On the GPU side, Battlefield V has shown that it can be an extremely demanding game at its highest settings, with our lower-end R9 380 and GTX 960 being relegated to 900p Medium settings for 60FPS gameplay. We recommend graphics cards with 4GB or larger frame buffers, though 2GB cards are still usable.
For 1080p 60FPS framerates at Ultra settings, we recommend AMD's Radeon RX 580 8GB and Nvidia's GTX 1060 6GB, as both graphics cards will maintain 60+ FPS framerates on most occasions, granting users high framerates without graphical sacrifices.
If you desire a 1440p resolution and 60FPS framerates at Ultra settings, we recommend the Nvidia GTX 1080 and the Radeon RX Vega 56, both of which achieve 60+ FPS framerates without much issue, with the Nvidia GTX 1070 being able to produce 60+ FPS framerates under most situations at High settings.
Cranking things up to 4K, you will need a graphics card that is significantly more powerful than what we currently have available for testing, something that sits in the GTX 1080 Ti or RTX 2080 territory if not a RTX 2080 Ti, making the prospect of 4K 60FPS with DXR unlikely this generation, especially given Battlefield V's lack of support for Multi-GPU systems under DirectX 12. We are currently working on updating our GPU test suite to cover higher-end graphics cards, though it will take time for this process to happen.
So, how's Battlefield V's performance? Well... while we can easily say that it could be better the game honestly has very little to complain about. While its DirectX 12 mode needs improvement, its DirectX 11 mode is more than usable. On the CPU side, all you need is a decent quad-core for 60+ FPS gameplay, and while some graphical sacrifices are necessary to maintain 60FPS on low-end GPU setups, the game's visuals don't look as bad as some other titles under these situations.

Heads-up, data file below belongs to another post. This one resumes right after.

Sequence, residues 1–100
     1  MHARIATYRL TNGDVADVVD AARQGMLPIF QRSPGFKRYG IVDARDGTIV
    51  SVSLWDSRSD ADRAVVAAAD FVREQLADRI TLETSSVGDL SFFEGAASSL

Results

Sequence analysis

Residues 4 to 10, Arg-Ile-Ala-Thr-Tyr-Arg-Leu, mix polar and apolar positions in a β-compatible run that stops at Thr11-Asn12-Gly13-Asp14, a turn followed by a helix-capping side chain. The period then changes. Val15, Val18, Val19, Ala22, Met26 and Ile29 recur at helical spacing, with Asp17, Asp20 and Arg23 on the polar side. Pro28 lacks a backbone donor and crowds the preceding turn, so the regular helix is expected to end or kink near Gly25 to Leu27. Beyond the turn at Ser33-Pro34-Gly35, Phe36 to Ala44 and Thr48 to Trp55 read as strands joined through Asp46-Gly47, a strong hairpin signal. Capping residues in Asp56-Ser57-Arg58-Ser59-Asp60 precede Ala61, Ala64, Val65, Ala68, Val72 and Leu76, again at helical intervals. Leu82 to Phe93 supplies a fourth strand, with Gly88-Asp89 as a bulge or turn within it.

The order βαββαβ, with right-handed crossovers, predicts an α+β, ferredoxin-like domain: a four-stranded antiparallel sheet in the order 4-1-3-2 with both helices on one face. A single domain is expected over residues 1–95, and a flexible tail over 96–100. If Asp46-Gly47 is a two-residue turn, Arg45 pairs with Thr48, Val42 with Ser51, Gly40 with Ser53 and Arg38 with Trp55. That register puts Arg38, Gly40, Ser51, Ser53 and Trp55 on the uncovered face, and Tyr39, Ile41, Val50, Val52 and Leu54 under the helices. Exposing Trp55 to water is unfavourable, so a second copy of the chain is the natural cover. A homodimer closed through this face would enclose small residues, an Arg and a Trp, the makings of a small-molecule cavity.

If DICE can address Battlefield V's lingering DirectX 12 issues, we will be left with only minor complaints, as small annoyances in the game's graphical options menu and it's lack of resolution scaling options aren't deal breakers. We will be back at a later date with some more Battlefield V testing once DXR support is enabled, which should be within the next week given Microsoft's official release of their DXR enabling Windows 10 October Update. We look forward to giving this game another spin under DX12 with DXR in the near future.
Update - Battlefield V has been updated to add DirectX Raytracing to the game, refining the game's DirectX 12 support while also delivering a new feature called Ray Traced Reflections to the game. While DX12 support has improved, our initial testing has found that some stuttering issues remain, though they are far less prevalent. DirectX 11 remains the most stable option at this time and we stand by our current results.
We hope to have benchmarking data for RTX series graphics cards and DXR Raytraced Reflections early next week.